Cancellation of book festival ‘really bad news’, says Sturgeon

Former first minister Nicola Sturgeon has branded the cancellation of a popular book festival over funding issues “really bad news”.

The Aye Write festival will not go ahead this year after Creative Scotland turned down its bid for cash.

The event is organised by Glasgow Life – the arms-length leisure body of Glasgow City Council.

The news led to an outpouring of support from artists and politicians, with the famously bookish former occupant of Bute House among those to speak out.

She wrote on X: “Really bad news. I know money is tight but very much hope that a way is found to get @AyeWrite back on track.

“Books, culture generally, are so vital to our wellbeing – and never more so than in the troubled times we live in today.

“Book festivals are opportunities to celebrate the wonder of literature and those who create it. We mustn’t lose that.”

Last year’s festival saw one of the first outings for Ms Sturgeon since her shock resignation as first minister, where she spoke with comedian Janey Godley.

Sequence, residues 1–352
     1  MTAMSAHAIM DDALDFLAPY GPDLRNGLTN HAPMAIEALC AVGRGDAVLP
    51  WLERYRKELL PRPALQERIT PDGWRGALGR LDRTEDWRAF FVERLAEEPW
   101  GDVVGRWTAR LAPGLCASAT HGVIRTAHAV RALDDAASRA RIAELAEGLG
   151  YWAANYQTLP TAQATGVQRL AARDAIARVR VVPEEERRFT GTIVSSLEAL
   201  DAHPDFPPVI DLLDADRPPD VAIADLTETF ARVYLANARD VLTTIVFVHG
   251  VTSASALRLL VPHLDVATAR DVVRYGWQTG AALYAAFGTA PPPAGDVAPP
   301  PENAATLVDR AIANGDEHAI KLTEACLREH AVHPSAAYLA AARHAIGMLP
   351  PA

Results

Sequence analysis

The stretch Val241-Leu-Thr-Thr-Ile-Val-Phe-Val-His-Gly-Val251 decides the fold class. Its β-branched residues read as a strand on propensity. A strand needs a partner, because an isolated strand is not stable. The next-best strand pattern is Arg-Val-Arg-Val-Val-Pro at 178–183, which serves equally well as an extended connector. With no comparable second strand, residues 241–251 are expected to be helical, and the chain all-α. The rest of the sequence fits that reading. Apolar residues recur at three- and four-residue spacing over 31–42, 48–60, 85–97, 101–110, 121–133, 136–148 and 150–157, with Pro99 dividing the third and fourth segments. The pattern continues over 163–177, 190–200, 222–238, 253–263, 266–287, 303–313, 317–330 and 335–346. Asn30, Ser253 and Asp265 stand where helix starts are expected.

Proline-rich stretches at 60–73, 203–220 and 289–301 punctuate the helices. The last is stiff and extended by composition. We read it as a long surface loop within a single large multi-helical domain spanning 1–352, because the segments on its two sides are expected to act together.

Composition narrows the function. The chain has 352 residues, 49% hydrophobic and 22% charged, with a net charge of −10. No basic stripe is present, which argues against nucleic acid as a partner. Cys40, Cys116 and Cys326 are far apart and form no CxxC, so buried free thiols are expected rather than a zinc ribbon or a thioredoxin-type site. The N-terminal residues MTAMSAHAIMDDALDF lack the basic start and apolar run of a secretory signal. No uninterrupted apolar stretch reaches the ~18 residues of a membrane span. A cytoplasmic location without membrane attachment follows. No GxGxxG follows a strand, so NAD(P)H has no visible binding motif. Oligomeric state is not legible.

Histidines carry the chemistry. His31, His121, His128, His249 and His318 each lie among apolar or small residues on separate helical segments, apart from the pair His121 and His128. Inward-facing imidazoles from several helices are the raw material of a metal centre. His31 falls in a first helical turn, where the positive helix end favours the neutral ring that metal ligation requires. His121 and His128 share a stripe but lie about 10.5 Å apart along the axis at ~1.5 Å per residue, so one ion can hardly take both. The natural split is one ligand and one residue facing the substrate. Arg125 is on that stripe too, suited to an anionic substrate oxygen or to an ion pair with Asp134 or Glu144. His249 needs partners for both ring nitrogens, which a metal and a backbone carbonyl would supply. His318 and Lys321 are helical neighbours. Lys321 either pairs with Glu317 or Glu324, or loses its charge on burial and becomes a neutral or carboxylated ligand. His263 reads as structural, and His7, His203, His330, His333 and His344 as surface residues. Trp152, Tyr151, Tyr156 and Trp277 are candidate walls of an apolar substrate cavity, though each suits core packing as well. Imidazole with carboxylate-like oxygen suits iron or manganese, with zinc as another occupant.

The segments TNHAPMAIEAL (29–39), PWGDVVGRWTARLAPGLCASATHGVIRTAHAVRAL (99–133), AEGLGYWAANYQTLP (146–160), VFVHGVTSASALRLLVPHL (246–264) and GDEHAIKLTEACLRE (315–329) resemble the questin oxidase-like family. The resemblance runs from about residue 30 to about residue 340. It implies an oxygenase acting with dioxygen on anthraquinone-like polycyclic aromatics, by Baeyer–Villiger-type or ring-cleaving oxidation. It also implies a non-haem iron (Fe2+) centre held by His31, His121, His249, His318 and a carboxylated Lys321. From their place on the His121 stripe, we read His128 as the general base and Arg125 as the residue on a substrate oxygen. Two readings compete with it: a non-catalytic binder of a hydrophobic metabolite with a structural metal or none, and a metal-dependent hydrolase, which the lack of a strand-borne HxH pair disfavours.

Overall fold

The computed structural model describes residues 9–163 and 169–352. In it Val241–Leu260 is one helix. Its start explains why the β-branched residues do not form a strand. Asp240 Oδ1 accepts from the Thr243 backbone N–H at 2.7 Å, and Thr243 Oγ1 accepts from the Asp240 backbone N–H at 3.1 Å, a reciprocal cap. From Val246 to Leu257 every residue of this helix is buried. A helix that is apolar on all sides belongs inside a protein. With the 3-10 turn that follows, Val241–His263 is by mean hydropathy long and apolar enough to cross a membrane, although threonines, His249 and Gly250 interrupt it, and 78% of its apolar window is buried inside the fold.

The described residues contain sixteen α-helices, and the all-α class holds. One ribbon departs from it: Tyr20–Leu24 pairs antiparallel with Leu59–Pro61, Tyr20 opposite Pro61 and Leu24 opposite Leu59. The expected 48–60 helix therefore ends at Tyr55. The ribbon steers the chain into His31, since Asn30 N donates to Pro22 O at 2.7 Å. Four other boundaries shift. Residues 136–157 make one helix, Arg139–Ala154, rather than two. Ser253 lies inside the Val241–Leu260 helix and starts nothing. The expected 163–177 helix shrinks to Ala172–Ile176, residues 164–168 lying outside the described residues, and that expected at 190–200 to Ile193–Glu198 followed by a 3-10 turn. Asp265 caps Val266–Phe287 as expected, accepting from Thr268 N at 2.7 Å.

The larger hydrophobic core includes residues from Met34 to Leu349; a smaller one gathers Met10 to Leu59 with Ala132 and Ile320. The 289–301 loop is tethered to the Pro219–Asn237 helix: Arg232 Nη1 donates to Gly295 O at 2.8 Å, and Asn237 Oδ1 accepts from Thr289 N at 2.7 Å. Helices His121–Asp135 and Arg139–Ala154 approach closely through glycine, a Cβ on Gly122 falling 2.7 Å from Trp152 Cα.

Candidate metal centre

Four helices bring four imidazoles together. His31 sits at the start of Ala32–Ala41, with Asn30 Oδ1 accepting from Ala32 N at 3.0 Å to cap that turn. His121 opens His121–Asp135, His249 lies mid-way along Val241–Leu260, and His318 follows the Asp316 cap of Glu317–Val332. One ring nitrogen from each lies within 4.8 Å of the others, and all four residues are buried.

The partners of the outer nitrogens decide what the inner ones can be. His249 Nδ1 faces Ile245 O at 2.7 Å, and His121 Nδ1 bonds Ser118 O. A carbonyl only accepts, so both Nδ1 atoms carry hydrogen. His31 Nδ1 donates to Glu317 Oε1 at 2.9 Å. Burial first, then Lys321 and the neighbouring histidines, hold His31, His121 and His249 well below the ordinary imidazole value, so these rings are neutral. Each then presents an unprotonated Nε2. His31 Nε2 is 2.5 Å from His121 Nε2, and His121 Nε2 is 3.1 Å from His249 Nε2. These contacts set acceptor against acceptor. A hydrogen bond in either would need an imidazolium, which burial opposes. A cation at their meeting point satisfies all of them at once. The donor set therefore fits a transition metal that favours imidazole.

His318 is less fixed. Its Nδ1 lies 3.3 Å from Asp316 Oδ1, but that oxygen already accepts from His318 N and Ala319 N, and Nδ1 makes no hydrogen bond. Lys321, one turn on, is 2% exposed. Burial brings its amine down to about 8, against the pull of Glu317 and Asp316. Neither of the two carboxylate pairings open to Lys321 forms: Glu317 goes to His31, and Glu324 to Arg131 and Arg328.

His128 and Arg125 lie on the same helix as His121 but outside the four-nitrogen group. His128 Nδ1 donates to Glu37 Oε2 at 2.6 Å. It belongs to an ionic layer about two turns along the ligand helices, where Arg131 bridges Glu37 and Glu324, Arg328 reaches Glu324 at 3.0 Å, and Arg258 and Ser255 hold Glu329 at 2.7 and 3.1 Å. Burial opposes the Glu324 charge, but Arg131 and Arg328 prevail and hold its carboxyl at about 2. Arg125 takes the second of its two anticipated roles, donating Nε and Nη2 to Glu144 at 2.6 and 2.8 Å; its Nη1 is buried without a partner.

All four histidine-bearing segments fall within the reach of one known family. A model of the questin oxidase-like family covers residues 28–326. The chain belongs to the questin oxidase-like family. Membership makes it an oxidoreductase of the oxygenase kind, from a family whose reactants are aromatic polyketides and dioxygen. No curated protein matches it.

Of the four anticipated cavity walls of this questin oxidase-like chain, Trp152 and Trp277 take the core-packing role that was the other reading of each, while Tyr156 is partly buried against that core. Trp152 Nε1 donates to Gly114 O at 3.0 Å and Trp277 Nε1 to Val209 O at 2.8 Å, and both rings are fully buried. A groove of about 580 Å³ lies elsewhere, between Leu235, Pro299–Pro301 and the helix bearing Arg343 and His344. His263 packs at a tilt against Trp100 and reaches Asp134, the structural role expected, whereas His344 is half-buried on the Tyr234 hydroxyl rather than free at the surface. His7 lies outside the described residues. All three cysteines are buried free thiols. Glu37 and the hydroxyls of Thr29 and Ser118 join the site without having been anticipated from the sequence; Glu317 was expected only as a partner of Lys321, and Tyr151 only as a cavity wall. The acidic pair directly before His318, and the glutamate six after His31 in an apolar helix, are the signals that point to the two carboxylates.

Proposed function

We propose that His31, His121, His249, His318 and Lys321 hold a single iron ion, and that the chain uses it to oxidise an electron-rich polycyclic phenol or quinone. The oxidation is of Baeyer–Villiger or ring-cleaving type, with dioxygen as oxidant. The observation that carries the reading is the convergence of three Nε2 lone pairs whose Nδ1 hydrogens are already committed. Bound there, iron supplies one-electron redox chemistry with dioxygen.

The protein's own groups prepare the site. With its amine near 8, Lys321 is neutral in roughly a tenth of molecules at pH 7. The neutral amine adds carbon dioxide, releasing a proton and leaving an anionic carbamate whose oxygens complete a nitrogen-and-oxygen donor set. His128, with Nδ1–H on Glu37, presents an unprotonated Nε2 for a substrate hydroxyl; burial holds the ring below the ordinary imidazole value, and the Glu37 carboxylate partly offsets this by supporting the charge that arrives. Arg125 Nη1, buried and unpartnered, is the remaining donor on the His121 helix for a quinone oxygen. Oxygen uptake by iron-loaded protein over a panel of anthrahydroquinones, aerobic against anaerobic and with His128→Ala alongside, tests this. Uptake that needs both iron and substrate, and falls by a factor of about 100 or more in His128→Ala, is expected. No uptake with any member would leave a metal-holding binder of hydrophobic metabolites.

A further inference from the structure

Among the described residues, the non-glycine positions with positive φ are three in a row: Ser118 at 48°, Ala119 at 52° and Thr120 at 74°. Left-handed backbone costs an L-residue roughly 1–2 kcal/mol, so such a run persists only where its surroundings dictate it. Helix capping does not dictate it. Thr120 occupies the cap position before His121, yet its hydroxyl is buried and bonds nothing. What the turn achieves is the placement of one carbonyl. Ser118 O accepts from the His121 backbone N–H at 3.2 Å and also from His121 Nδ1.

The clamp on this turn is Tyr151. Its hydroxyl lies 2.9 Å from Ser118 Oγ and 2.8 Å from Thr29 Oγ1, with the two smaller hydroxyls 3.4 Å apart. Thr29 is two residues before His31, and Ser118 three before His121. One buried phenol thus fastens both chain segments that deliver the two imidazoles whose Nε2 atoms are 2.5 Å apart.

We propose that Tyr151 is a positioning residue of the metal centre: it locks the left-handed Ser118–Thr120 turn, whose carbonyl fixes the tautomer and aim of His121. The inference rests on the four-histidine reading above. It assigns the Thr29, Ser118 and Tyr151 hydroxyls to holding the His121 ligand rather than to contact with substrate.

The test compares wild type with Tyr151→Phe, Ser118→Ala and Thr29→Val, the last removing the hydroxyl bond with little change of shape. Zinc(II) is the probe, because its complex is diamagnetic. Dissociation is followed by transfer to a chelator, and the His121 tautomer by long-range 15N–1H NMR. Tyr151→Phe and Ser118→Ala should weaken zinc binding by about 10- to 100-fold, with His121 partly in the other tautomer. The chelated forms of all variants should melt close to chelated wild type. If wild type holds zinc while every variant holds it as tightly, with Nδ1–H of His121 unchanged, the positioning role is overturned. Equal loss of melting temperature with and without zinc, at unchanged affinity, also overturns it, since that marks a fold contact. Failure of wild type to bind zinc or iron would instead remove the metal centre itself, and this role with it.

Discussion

Glasgow Life said some events will “inevitably miss out” due to tight funding, and it hopes it will return in 2025 after an application for multi-year funding.

A spokeswoman said: “The festivals’ delivery is dependent on securing external funding and while bids for funding support continue to exceed monies available, especially during the current difficult economic climate, some events will inevitably miss out.

“Aye Write and Wee Write have developed and grown over the years thanks, in part, to support through Creative Scotland.

Janey Godley and Nicola Sturgeon
Nicola Sturgeon took part in an event with Janey Godley at the Aye Write festival last year (Robert Perry/PA)

“Our 2024 funding application to Creative Scotland was not successful so Aye Write and Wee Write will not be able to take place as festivals this year.

“We appreciate this will cause considerable disappointment.

“Glasgow Life will organise some pop-up Aye Write events during 2024 and will develop an application for multi-year funding starting in 2025, which, if successful, means a return for the festivals next year.”

But author and anti-poverty campaigner Darren McGarvey predicted the decision to cancel will be quickly reversed.

“Give it till midday Friday before @CreativeScots reverse decision to defund @AyeWrite festival,” he posted.

“For what you get culturally, and the level of experience organisers bring, plus the calibre of talent it attracts – no-brainer.

“One of the best book festivals to deal with, hands down.”

Creative Scotland has been contacted for comment.